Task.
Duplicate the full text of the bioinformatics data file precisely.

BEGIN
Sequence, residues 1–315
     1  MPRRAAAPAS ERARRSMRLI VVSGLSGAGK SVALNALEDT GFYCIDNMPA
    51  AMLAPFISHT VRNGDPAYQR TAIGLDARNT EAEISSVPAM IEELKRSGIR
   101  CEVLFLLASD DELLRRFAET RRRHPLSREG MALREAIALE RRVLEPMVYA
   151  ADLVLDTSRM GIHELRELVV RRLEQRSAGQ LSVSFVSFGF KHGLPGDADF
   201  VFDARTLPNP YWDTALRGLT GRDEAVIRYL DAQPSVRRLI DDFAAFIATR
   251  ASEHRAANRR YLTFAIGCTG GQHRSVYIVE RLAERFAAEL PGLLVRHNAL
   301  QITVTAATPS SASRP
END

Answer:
Sequence, residues 1–315
     1  MPRRAAAPAS ERARRSMRLI VVSGLSGAGK SVALNALEDT GFYCIDNMPA
    51  AMLAPFISHT VRNGDPAYQR TAIGLDARNT EAEISSVPAM IEELKRSGIR
   101  CEVLFLLASD DELLRRFAET RRRHPLSREG MALREAIALE RRVLEPMVYA
   151  ADLVLDTSRM GIHELRELVV RRLEQRSAGQ LSVSFVSFGF KHGLPGDADF
   201  VFDARTLPNP YWDTALRGLT GRDEAVIRYL DAQPSVRRLI DDFAAFIATR
   251  ASEHRAANRR YLTFAIGCTG GQHRSVYIVE RLAERFAAEL PGLLVRHNAL
   301  QITVTAATPS SASRP